Senate OKs NASIC funding; conference committee is next

An expansion of a crucial intelligence organization on Wright-Patterson Air Force Base has moved forward another step with Senate approval Monday evening.

A bill including $116 million for new construction at the National Air and Space Intelligence Center (NASIC), based at Wright-Patterson, passed easily, with senators voting 86-5 to approve a handful of funding needs, for energy and water protection and military construction and veterans affairs.

RELATEDNASIC expansion expected to pass 

Ohio Senators Sherrod Brown (D) and Rob Portman (R) had endorsed passage well before the vote, and U.S. Rep. Mike Turner, R-Dayton, whose district includes the Air Force base, had pushed for authorization of NASIC’s entire projected construction cost of more than $180 million.

The differences between the House and Senate bills will need to be reconciled in a conference committee before a final appropriations bill is passed.

MORESouthwest passengers sue two Southwest Ohio aviation companies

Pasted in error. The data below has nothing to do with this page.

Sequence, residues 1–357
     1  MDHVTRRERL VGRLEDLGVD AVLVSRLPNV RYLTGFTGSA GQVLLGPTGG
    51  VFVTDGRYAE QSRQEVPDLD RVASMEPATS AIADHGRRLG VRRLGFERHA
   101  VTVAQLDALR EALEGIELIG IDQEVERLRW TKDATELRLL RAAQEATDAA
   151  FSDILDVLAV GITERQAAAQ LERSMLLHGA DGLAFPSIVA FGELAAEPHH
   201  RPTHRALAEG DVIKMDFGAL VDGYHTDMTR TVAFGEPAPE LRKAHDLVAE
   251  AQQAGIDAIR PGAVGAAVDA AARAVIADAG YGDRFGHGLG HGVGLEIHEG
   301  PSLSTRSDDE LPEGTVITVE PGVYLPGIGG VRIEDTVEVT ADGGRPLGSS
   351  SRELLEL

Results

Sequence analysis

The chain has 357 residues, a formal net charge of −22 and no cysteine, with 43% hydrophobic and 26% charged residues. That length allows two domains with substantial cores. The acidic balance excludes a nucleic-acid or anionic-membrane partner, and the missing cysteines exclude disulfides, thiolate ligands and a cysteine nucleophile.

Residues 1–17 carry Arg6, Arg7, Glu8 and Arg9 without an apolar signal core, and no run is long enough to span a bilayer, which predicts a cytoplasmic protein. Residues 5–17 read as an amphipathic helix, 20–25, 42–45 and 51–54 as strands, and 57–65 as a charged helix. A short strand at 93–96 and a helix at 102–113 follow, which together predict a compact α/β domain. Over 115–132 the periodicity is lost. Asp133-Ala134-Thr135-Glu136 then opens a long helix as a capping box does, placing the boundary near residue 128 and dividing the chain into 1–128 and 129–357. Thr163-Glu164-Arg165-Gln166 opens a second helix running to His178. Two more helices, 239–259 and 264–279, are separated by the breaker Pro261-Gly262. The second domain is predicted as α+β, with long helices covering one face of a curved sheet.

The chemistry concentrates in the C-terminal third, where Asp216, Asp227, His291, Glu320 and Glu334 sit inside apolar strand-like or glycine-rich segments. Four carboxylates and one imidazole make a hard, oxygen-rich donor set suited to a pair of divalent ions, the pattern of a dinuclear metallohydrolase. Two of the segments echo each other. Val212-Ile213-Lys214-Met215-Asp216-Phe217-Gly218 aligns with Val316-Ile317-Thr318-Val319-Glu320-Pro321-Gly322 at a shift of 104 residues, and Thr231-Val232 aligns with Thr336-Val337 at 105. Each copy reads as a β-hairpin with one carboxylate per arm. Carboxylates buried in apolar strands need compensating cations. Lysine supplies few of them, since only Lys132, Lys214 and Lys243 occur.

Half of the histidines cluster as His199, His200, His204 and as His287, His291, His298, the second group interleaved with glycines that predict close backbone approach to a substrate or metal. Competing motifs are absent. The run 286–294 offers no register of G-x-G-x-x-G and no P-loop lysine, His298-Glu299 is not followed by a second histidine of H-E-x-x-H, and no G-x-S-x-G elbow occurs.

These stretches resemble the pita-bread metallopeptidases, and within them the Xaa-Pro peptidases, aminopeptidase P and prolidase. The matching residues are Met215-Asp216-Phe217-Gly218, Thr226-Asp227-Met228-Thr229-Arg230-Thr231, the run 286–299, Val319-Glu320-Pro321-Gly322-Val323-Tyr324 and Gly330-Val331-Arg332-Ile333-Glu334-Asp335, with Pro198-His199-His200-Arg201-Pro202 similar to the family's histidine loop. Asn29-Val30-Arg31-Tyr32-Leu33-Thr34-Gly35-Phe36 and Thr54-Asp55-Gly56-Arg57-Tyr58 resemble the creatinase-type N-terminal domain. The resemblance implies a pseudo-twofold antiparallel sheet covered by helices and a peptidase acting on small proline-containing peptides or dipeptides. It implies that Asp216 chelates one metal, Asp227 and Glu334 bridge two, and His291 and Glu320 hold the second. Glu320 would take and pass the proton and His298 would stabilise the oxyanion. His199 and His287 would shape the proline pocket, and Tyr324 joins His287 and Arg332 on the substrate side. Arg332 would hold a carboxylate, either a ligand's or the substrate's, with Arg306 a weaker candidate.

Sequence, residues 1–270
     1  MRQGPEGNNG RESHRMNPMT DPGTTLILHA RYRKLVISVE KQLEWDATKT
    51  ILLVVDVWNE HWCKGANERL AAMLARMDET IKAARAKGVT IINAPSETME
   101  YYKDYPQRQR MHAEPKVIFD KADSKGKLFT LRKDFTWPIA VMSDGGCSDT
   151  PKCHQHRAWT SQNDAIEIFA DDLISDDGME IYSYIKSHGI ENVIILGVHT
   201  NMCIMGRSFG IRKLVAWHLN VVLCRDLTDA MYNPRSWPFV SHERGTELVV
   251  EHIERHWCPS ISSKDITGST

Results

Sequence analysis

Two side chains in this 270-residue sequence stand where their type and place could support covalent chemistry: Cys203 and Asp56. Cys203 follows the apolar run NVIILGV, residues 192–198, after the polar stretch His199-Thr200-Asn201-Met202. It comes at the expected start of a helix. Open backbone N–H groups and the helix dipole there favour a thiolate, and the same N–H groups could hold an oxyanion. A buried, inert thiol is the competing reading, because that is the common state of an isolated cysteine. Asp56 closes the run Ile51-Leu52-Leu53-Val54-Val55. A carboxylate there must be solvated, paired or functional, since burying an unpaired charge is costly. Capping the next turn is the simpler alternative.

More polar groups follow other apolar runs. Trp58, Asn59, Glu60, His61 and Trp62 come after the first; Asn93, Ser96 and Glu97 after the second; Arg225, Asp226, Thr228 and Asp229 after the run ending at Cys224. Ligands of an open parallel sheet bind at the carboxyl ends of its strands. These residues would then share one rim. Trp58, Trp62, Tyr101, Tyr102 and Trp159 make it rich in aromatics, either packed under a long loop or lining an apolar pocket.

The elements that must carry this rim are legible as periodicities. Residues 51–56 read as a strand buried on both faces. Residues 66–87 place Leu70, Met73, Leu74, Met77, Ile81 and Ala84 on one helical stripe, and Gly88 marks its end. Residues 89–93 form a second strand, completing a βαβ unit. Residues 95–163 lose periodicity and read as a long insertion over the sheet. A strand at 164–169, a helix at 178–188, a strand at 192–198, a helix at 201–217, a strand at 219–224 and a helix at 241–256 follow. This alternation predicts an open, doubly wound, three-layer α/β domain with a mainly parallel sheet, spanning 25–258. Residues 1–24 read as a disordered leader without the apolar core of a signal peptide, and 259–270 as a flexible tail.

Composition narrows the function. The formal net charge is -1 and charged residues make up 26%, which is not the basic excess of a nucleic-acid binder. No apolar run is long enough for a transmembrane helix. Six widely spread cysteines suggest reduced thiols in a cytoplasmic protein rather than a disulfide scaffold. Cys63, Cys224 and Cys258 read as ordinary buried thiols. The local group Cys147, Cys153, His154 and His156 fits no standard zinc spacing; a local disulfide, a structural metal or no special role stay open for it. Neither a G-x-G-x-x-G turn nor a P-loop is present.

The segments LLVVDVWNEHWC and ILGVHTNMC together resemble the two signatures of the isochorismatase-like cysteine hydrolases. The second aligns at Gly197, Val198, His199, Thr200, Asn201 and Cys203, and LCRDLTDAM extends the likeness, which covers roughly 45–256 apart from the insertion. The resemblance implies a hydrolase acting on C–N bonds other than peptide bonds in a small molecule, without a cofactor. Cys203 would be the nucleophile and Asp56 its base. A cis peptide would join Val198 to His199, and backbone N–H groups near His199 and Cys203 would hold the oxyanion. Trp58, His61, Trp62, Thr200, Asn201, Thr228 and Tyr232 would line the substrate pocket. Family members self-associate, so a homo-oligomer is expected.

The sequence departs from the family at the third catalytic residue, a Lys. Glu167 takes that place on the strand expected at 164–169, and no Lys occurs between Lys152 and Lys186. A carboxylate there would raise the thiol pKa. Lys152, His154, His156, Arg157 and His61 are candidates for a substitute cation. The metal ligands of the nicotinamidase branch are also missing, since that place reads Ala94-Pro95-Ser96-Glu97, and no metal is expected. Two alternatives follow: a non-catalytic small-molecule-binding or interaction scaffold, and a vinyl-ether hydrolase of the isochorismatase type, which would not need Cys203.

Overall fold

The $182 million project would vastly expand NASIC, add new computer labs and equipment and relieve overcrowding as the agency has grown to more than 3,000 workers over the past 15 years, authorities have said. The intelligence agency provides assessments of air, space and cyber threats to national political and military leaders.

In a House version of the fiscal year 2019 National Defense Authorization Act, the authorization bill combined what had been two years of funding for the project — $116 million one year, and $66 million for the next — into a single year.

Also approved with Monday’s vote: $277 million for Air Force bases to continue efforts to keep Per-and Polyfluoroalkyl Substances – toxic chemicals known as “PFAS” – from getting into the local water supply and additional funding to further the development of alternative chemicals that are safer.

Monday’s “minibus” legislation includes a total of about $146.6 billion in spending, an increase of about $5.7 billion from 2018, and represents a quarter of the 12 annual appropriations bills, The Hill newspaper reported.

About the Author